"Unlike in a large city like Delhi, where nobody knows even their neighbours, here in Agra everybody knows everybody. When Paigude (the 24-year-old co-pilot of the ill-fated AN-32) had a stomach ache, the entire Air Force station would get to know that the "baby of the base" had stomach trouble," said an officer unable to stop himself fromweeping at the funeral.

Paigude's body was flown to Pune where the Flying Officer's parents are living. People here are still to come to terms with the death of the pilots and the other Air Force personnel. "On Saturday evening, Wing Commander Jaggi was playing tambola with us here at the Agra club. And he won a full house. And the very next day he left his own house empty," said Major Rawel Singh, a paratrooper posted here.

The pain that the tragedy has left behind is unbearable. Jaggi's wife and her two children were beyond themselves in grief. "Shukla has two sons, aged 12 and nine. Flight Lieutenant Sheikh leaves behind a wife and five children, including three daughters. His body is being flown to Gwalior where his family is. Nagesh Chandra is unmarried and his body is being flown to Hyderabad where his parents are," Air Commodore P A Hari Mohan, Air Officer Commanding (AOC) said.

Flight Lieutenant Nagesh Chandra's friend, Flt Lt Kamal Oberh, a para-jumping instructor at the Paratroopers Training School, who is still in a state of shock, said that they could not believe it when the information came in on Sunday morning. "We just kept hoping that there would be survivors. These people just did not deserve to die. I just pray to God that such a tragedy never takes place again," he said, having trouble keeping his voice firm.

Wreaths on behalf of the Para Brigade were laid by Brigadier Pramod Chandra Bharadwaj. He expressed shock at the death of the Air Force personnel and said it was a personal loss. "We feel it more because we work with them day in and day out," he said.


March unlucky for An-32
(by Prabhjot Singh Tribune News Service 8/3/99)

The month of March continues to be unlucky for An-32 aircraft of Indian Air Force. Of the seven major accidents in which these transport aircraft have been involved since 1986, four took place in March and one in April .

The first major air crash involving the An-32 took place on March 22 in 1986 in Jammu and Kashmir area followed by another, three days later, when an An-32 on its way to Jamnagar from Muscat was lost in the Arabian Sea. Its wreckage, in spite of best of efforts, could not be located.

The third accident involving the similar aircraft took place six years later. It was on March 25 in 1992 when an aircraft was lost in Jorhat hills. The worst of the accidents took place on April 1, 1992, when an AN 32 was involved in a mid-air collision near Khanna. It was in this accident that Wg Cdr Makol was among those killed.

In between, there have been two other accidents involving An-32 aircraft. One of these probably took place in October, 1988, near Kanpur while the second occurred near Trivandrum during the monsoon either in 1991 or 1992. The ill-fated aircraft in the last mentioned case had taken off from Tambaram.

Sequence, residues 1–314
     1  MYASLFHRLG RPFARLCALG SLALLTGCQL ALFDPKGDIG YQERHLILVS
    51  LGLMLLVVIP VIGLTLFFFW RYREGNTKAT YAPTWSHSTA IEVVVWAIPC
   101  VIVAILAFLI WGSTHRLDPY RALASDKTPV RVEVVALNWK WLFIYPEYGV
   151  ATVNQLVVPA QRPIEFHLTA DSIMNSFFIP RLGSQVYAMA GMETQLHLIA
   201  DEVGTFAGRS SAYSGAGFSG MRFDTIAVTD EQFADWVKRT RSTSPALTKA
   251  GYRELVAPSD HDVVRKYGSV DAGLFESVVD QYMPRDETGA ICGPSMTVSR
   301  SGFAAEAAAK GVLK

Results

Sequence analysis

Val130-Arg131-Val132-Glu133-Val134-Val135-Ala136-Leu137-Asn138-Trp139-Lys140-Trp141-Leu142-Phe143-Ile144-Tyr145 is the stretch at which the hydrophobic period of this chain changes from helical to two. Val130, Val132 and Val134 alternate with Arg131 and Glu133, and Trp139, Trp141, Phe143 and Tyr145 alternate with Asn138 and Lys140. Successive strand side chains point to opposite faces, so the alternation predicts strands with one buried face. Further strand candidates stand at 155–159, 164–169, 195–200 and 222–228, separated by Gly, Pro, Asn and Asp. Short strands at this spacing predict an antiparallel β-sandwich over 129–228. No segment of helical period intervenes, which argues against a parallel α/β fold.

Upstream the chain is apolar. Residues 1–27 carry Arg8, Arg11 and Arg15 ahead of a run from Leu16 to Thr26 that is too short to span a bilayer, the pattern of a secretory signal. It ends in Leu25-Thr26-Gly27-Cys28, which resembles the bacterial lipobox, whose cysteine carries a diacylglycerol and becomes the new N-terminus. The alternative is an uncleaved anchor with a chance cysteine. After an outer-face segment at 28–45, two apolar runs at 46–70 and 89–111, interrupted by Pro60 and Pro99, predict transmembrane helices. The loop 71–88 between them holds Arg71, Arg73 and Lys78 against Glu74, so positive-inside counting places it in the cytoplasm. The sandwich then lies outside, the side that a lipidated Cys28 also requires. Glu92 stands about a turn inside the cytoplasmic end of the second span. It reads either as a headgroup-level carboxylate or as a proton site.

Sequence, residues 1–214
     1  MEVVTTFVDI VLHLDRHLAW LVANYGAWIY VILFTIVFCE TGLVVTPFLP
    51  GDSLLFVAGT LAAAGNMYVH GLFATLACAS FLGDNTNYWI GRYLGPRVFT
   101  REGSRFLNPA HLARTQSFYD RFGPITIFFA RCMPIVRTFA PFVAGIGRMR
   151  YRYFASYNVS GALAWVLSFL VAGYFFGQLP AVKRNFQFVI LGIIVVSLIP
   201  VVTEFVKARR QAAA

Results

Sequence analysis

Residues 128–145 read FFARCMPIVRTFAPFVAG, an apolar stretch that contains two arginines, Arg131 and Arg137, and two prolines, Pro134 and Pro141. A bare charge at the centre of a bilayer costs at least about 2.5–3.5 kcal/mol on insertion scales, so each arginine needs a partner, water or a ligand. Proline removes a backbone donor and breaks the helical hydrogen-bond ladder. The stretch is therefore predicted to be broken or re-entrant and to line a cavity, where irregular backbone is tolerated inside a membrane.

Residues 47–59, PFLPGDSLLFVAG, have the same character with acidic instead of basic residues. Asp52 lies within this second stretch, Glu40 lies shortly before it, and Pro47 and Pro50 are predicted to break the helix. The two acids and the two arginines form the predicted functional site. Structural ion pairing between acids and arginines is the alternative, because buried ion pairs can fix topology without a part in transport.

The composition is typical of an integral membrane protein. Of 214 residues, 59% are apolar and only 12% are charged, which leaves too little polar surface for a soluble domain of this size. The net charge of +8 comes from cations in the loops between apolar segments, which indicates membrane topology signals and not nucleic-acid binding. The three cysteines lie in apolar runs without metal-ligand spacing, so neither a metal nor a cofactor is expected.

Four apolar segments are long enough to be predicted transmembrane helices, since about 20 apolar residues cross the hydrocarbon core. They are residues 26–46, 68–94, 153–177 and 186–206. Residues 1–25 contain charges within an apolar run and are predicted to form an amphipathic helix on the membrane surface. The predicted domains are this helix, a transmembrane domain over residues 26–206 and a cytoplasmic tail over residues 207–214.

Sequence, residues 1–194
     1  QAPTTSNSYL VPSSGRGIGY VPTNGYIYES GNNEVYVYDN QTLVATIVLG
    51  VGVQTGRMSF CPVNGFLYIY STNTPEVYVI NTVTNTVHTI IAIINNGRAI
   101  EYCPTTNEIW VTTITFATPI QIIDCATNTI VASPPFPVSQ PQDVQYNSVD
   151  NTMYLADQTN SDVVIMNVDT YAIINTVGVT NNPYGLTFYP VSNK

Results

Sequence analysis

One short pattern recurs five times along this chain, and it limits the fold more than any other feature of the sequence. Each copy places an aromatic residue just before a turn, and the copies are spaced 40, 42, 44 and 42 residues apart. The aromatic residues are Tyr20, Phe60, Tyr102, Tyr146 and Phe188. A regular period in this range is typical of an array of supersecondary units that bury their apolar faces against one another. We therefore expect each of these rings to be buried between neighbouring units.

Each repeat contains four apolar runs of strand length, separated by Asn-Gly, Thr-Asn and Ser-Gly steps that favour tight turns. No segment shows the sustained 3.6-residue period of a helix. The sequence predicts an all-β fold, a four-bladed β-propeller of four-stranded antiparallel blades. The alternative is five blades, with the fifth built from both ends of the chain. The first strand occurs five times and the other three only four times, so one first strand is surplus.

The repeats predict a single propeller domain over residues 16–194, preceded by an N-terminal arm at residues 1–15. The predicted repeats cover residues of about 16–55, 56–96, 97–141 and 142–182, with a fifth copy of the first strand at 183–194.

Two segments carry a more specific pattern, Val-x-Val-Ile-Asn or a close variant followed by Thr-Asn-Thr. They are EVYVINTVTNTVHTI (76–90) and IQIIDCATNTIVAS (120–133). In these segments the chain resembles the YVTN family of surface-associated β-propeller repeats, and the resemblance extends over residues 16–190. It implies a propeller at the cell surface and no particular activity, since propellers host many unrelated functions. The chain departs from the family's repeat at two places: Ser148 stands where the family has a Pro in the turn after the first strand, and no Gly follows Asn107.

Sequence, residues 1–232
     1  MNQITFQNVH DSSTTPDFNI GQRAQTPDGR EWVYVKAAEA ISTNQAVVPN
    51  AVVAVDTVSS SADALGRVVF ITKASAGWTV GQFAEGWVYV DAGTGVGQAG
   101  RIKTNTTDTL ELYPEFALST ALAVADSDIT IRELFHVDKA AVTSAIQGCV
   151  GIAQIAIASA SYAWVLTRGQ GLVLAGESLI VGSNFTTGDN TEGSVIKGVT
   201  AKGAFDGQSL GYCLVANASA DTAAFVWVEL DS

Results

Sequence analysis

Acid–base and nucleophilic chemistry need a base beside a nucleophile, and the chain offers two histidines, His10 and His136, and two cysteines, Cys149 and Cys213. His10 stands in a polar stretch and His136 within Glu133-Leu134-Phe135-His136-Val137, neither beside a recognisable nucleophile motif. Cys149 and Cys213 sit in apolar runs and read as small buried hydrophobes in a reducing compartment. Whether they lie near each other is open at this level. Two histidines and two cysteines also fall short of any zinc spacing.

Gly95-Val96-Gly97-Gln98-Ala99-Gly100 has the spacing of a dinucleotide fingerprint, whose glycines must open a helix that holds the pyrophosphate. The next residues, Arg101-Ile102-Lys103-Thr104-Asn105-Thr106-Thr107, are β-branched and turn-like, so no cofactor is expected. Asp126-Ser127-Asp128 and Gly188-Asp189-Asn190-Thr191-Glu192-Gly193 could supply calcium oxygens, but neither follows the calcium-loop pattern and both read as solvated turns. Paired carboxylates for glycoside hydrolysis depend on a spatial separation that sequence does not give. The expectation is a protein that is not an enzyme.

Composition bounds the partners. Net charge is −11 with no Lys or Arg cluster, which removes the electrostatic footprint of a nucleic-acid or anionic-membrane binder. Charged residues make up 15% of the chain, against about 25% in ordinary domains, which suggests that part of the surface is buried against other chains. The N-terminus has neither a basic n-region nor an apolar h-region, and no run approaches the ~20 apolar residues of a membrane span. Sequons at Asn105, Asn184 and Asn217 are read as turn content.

This latest accident at the Indira Gandhi International Airport is perhaps the worst in which several high ranking officers were killed.


Panel calls for sweeping changes on flight safety
(from "The Hindu" 11/3/99)

The crash of the An-32 transport plane triggered a fresh debate on air safety in the Indian Air Force (IAF). The Defence Minister, Mr. George Fernandes while replying to supplementaries in the Rajya Sabha in 1999, made a reference to the Abdul Kalam Committee on air accidents, which had made sweeping recommendations to reduce air accidents in the fighter stream of the IAF.

The committee in its report last year had pointed to the urgency of acquiring the Advanced Jet Trainers (AJTs) for the IAF. Besides the ``immediate induction'' of the AJT, it had called for the acquisition of `flight simulators'' to upgrade pilot training. The panel had called for extensive changes to improve training standards of ground engineers as well as recommended steps to check equipment snags.

The committee had forcefully advocated the establishment of an information exchange network among the IAF, the Hindustan Aeronautics Limited (HAL), the key laboratories of the Defence Research and Development Organisation (DRDO) and foreign manufacturers to ensure the acquisition of reliable equipment.

Addressing the question of training the ground engineers, the panel had proposed the extensive use of a variety of simulators, which it felt should be inducted within a time-bound framework. The project to induct simulators should be completed ``within a maximum time frame of 10 years'', it said.

Realising the shortcomings in the industry's capacity to manufacture simulators on its own, the committee recommended that an ``exclusive agency'' either in the public or private sector should be identified ``to expedite R and D work on these simulators''.

On the hardware side, the panel insisted that adequate stockpiles of spares be maintained, failing which their indigenisation should be prioritised. The maintenance command of the IAF should be the ``driving force'' behind this identification.

Creation of a computerised ``data bank'' of all snags, defects, incidents or other failures along with the remedial measures with an eye to increasing efficiency should be made available to all grassroots maintenance units.

Visualising future maintenance snags, the committee recommended that the industry and the DRDO should be associated in the technical discussions and negotiations before procurement orders were placed. Besides, negotiators have to emphasise the transfer of key design details before a contract is signed. ``In the procurement contract it is essential to make provisions for the continued availability of design information and support from vendors during the complete life cycle of the aircraft''.